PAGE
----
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How to Search Arabic Names and Find the Right People (Part 2)

05/20/19 6 minute read

Note: this is the second in a series of articles about searching for people in Arabic language records. You can find the first article on Arabic names here.

Naming Conventions in the Gulf States

As we noted in our last post in this series, naming conventions can vary significantly throughout the Arab world. The Arabic-speaking countries of the Persian Gulf have their own nuances when it comes to names. Whether you’re tracing assets or conducting a know your customer (KYC) check, these subtleties should inform your approach as you search Arabic names to locate individuals.

Understanding these naming conventions will be most useful for Arabic speakers conducting investigations in the Gulf states. However, non-Arabic speakers trying to locate individuals from the Gulf states in global public records also may find these tips helpful.

The Nasab in Arabic Names

The nasab is a string of male names indicating a person’s heritage that follows the given name.

For men, the nasab comprises the names of the father, grandfather, and other male ancestors separated by the word ibn (ابن) or bin (بن), both meaning “son of.” For example:

أبو عبد الله محمد بن عبد الله اللواتي الطنجي بن بطوطة
Abu Abdallah Mohammed bin Abdallah Al-Luwaty Al-Tanjy bin Batouta

محمد بن سلمان بن عبد العزيز آل سعود
Mohammed Bin Salman bin Abdul Aziz Al-Saud

For women, the given name and father’s name will be separated by bint, (بنت), meaning “daughter of”:

نورة بنت فيصل السعود
Noura Bint Faisal Al-Saud

It is crucial to search for your subject with and without ibn, bin, or bint in Arabic and English. Some individuals rarely write their name with these words, while others use them consistently. Starting out by casting a wide net ensures you return all potentially relevant results.

The nasab separated by ibn, bin, or bint is most common in the Arabian Peninsula today. Analysts frequently find these constructions on public records from sources such as the Qatar Chamber of Commerce or the Bahrain Commercial Registry. Understanding how the nasab works also helps when searching Emirati shareholdings listed on corporate filings in Lebanon, Jordan, and other countries in the region.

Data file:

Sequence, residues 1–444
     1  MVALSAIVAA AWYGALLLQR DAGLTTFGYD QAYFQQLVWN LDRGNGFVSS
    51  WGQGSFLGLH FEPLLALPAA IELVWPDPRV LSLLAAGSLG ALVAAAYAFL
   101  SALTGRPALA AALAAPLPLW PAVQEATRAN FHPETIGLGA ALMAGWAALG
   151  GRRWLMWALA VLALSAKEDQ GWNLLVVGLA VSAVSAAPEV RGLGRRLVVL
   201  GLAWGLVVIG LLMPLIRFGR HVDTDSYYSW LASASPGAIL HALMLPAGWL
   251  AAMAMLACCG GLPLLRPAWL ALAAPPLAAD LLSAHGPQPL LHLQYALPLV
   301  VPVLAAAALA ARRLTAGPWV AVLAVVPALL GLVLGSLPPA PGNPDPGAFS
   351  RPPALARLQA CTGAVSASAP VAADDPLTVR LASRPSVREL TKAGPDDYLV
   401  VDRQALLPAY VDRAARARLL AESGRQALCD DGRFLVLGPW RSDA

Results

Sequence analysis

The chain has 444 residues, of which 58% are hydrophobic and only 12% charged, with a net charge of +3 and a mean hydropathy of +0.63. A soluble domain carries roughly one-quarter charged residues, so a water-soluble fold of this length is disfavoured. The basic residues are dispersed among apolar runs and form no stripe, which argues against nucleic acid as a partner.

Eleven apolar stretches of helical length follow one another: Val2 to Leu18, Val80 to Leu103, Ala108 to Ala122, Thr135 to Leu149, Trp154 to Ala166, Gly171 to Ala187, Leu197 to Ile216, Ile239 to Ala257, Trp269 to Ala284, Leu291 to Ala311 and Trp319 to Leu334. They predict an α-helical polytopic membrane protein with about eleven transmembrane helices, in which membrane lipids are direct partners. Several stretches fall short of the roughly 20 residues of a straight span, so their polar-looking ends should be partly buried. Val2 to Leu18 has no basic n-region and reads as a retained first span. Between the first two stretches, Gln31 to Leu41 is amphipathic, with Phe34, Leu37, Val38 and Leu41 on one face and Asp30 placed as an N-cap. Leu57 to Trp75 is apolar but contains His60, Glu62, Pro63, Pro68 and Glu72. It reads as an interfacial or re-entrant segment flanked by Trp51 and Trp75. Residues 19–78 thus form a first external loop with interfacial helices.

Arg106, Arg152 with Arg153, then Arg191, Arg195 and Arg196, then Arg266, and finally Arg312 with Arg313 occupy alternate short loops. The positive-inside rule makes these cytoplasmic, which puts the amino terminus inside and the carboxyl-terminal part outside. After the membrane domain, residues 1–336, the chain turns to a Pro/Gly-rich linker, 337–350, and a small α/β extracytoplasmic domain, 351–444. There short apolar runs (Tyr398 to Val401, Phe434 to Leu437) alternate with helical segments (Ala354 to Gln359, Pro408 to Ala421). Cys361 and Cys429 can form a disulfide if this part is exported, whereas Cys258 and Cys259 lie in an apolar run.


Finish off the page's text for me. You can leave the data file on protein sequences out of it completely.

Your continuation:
Nisba Adjectives in Arabic Names

There are also certain nuances to keep in mind when working to locate individuals whose last names are nisba adjectives. Nisba adjectives are formed by adding the suffix ي (-y) or ية (-iya) to a noun to denote relation or pertinence. Common examples of these last names include البغدادي (Al-Baghdady), الصعيدي (Al-Saeedy), and المصري (Al-Masry), all of which derive from place names. These names generally indicate the person has a distant connection to that place.

If you are searching for members of a family whose last name is a nisba adjective, remember that female family members may write their last name in its feminine form, using the suffix -a or -ah. In some cases, this may be true for both Arabic and English records. For example, Layla Al-Shamy (ليلى الشامي) may also go by Layla Al-Shamiya/Al-Shamya/Al-Shamiyah (ليلى الشامية) in English records.

Adapting Arabic Names Abroad

It’s also important to consider how individuals with Arabic names adapt to the practices of jurisdictions outside the Arabic-speaking world.

Because name length can vary significantly by region, abbreviations for common Arabic names are often used in countries where names tend to be shorter. Sometimes this is a necessary workaround for technical limits on the number of characters that can be entered in a name field.

For example, most Chinese citizens have names that are only two to four characters long. To get around computer systems created with this fact in mind, the first name Mohammed is often abbreviated as Mhd. or Mohd. on Chinese official records. In the United Kingdom, an individual named Mohammed Khaled Ahmed Khalfan may abbreviate his name as Mohammed Kh. A. Khalfan.

Of course, in light of the hundreds of Arabic names that begin with Kh. or A., analysts need to use other identifying information to ensure they have found the individual they’re looking for and not just someone with a similar name.

Stay Tuned: Searching for People in Iraq

In our next post in this series, we’ll discuss the unique naming conventions of Iraq—a key country of interest for professionals in the fields of terror financing, due diligence, antiquities trafficking, and many others.

Inspired to put these search tips to work for your own research? Try them out on the hundreds of millions of fully-searchable public records in Sayari Search! If you’re curious how this data could drive insights for your team, please reach out here

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